Metamorphosis

Blasé.  Apathetic.  Impertinent.  Squire.  Death.  Music.  Mosaic.  Multitude.  Squiggles.  Incest.  Antiseptic.  Precision. Octagonal.  Cringe.  Inducing.  Indigestion.

A multitude of insects flooded the space around me: I raised my arms in flowing euphoria, my heart pulsing acceptance and repentance through my veins. The insects were ferocious, devouring me. I became them and fluttered away, my arms now wings beating to the rhythms of the sky. The blue opened before me and the garden disappeared below, becoming a square dot against the green flora of the park–I could look back no longer and I became king, the sun extending a finger to touch my outstretched and sensitive antennae–the meeting making me blush and me, surprised, becoming warm with the joys of freedom and deliverance.

Everyday.  Pertinence.  Barb.  Harp.  Anthropological.  Beat.  Patience.  Cramp.  East.  Emptiness.  Star.  Handle.  Surgical. Chevron.  Excellence.  Statesmen.  Tolling.  Father.  Ethnic.  Severance.

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baseball – dream american

the baseball field grasses grow wild, and as you field a ball you trip over a mound of grass in the infield, falling on you knee and scraping it badly.  you get up and make the throw and the runner is OUT and everyone claps and your coach yells.  moving back to shortstop you realize that your pants are ripped on the kneecap and through the hole you can see your scrape, bloody and full of dust.  it stings but you pretend it doesn’t, and soon the next batter is UP and I’m set

hey batta batta batta batta batta SWING batta batta batta batta

he swings

the sun is setting just behind home plate and you have to pull your cap low, squinting

through the chainlink behind home plate there’s a commotion and people are crowding around some guy and yelling “give him room”; through your squinted eyelids peeled open and now the game has stopped, waiting, you take your cap off and hold it above your eyes for more shade, and IT’S DAD (you start towards the fence).  Two steps, three steps, faster with everyone.  Dad is grunting, with his shoulders bunched up by his neck and his arms crossed clutching himself

MOM?

rainburst (2007)

Time in bars Chahl’s rain, rain hard dripping flood door cut hole garbage bag to wear over our head.  Panels drip fill-bulge with water then burst to the floor bursting while hicks while people keep drinking, taking mystery shots talking and mixed drinks talking looking mystery shot in standing water an inch deep.  I am an interruption.  A man talks about cowboy hats from Valentine Nebraska complement him, leave tells me it’s the style, the style, the style argyle socks pants rain leg rolled up they think I’m gay.  Cousin point stare laugh look I wear argyle socks I laugh I scream I scream, I laugh I leave panel bulge-burst with water I run rain paste our face our cry arm splatter bag-paste to face I am laugh, laugh, laugh.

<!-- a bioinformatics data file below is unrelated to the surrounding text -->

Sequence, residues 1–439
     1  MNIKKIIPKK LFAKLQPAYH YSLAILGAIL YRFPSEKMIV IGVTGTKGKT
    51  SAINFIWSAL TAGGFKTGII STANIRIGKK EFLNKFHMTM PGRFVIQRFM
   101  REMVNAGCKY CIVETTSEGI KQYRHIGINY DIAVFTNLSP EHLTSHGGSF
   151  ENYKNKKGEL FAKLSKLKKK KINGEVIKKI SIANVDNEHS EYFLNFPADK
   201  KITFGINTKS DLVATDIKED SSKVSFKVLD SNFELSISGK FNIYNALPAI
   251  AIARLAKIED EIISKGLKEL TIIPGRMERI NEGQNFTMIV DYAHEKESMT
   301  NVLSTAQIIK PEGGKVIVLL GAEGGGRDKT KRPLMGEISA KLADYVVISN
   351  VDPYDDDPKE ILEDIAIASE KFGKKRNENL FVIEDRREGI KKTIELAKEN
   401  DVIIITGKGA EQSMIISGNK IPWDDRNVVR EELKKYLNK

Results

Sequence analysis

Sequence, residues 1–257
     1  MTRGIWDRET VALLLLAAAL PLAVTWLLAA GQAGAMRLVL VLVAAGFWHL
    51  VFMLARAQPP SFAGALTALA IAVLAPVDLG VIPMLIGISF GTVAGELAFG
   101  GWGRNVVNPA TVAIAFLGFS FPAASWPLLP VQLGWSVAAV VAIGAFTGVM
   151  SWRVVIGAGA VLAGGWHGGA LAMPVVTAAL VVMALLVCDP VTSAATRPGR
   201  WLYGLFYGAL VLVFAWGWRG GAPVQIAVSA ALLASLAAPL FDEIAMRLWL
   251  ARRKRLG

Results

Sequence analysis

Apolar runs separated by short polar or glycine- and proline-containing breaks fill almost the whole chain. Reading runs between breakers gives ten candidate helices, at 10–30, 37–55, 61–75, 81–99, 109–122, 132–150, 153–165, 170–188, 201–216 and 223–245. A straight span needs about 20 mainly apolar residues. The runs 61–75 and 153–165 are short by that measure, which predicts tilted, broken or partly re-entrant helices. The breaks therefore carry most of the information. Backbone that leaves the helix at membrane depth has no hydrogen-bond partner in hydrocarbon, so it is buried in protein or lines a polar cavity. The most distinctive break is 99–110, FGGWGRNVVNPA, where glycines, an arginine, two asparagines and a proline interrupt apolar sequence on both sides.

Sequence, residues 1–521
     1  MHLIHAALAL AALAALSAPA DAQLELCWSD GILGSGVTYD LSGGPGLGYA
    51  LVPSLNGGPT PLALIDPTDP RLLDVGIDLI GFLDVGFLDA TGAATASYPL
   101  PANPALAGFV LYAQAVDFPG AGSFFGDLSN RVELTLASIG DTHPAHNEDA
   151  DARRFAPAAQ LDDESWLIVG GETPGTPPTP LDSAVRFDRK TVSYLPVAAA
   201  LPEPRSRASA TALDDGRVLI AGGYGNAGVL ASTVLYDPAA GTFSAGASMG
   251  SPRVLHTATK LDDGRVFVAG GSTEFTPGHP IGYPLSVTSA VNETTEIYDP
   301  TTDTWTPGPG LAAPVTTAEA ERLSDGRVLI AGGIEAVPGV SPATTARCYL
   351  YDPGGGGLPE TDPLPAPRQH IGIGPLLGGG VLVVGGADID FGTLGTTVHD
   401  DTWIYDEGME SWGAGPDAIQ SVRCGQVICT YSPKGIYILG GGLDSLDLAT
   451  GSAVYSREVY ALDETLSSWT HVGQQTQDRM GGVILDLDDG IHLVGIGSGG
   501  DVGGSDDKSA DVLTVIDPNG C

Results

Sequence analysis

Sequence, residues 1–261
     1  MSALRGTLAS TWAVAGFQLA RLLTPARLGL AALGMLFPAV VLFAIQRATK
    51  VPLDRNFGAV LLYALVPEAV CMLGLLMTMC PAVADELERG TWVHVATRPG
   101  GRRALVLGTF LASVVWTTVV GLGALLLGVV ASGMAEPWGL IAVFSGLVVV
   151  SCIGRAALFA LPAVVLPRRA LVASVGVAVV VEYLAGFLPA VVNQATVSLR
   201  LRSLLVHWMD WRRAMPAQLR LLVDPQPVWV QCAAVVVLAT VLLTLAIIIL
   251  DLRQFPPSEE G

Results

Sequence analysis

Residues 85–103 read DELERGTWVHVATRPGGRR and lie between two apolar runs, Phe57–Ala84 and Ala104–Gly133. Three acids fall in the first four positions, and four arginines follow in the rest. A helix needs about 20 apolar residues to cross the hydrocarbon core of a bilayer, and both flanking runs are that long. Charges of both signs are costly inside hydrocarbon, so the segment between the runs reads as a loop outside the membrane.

Iraq War – dream american

walking through a sunlit meadow, the colors of wildflowers swirling around your feet, bright blues and soft greens; in the air little pinpricks of light dance, and in the middle of this meadow a wooden plank stands resolutely, having been stuck in the ground some time ago. Barely weathered, the corners are smooth, but otherwise the plank is unimpressive. It’s just THERE and not in the roofing of the nearby farmhouse, so pretty and cozy. Hands out now, passed the plank, feeling the grasses creeping slowly up to waist-length feeling every stem and no stem

back home dinner is set “did you feed the dog?” asks mom, and yes, you did feed the dog. The air inside is sticky-hot and you wash up, lathering the bar soap onto your face and arms but still now sweet sweat beads around your elbows and one drop falls to the floor. “I did ___ today,” you say. Dad looks at you between bites and doesn’t smile, his jaw chewing cud in big closed circles, you smile, he smiles, he takes his fork and in one deft motion stabs a piece of meat and chews it up like some

you say “Mommy, can we talk to ___ today?” and Mommy doesn’t even look up, her eyes are on her food and she’s not even eating. Her red potatoes sit on her plate, arranged perfectly precisely by the meat. The forks and knives. Finally she closes her eyes and puts her napkin on her legs. Her eyes focus on your dad

SON, there’s something we have to talk about. We can’t call ___ tonight because he’s gone,

at this point dad looks straight at you and holds your gaze

SON, he died, someone killed him in the war, so he won’t be coming home

a light breeze wafts in through the window and ruffles the off-white curtains

you are young, and your dad is telling you something that will change everything, and your mouth is open, his lips pursed, his arm now resting on the table by your red potatoes, fingers lightly clenched

SON, this will be hard but we will have to make the best of this

mom cries

SON, you’re going to have to help more now, keep working and we’ll all get through this

dad’s rock-hard jaw quivers

SON, we have to work our way

the drapes puff

SON, it will be ok

mom is shaking

SON, gone

DAD, I know

nursing

A young boy holds puzzle pieces between his fingers and, standing in a hospital room, stares on as a large nurse rips a long brown tube from his grandmother‘s nose, then turning her over and exposing her sagging backside to the room–a boy, now without puzzle pieces (a hand has replaced them), is led out of the room.